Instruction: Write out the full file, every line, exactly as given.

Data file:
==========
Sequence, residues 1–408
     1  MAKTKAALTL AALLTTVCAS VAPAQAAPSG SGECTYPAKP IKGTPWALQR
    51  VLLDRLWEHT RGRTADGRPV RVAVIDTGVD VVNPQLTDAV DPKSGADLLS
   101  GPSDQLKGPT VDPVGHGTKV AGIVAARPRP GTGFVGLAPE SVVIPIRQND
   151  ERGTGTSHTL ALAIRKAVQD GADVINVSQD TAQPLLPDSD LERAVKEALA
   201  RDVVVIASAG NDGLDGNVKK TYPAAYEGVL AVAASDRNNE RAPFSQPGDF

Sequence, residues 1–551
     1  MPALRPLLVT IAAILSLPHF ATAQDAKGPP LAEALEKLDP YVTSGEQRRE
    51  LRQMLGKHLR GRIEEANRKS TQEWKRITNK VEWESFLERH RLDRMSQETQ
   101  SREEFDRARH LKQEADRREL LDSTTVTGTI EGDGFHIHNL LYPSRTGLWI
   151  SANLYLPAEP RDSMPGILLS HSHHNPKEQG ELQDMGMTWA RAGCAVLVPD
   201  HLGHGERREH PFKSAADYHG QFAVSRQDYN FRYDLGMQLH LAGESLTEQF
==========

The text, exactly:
Sequence, residues 1–408
     1  MAKTKAALTL AALLTTVCAS VAPAQAAPSG SGECTYPAKP IKGTPWALQR
    51  VLLDRLWEHT RGRTADGRPV RVAVIDTGVD VVNPQLTDAV DPKSGADLLS
   101  GPSDQLKGPT VDPVGHGTKV AGIVAARPRP GTGFVGLAPE SVVIPIRQND
   151  ERGTGTSHTL ALAIRKAVQD GADVINVSQD TAQPLLPDSD LERAVKEALA
   201  RDVVVIASAG NDGLDGNVKK TYPAAYEGVL AVAASDRNNE RAPFSQPGDF

Sequence, residues 1–551
     1  MPALRPLLVT IAAILSLPHF ATAQDAKGPP LAEALEKLDP YVTSGEQRRE
    51  LRQMLGKHLR GRIEEANRKS TQEWKRITNK VEWESFLERH RLDRMSQETQ
   101  SREEFDRARH LKQEADRREL LDSTTVTGTI EGDGFHIHNL LYPSRTGLWI
   151  SANLYLPAEP RDSMPGILLS HSHHNPKEQG ELQDMGMTWA RAGCAVLVPD
   201  HLGHGERREH PFKSAADYHG QFAVSRQDYN FRYDLGMQLH LAGESLTEQF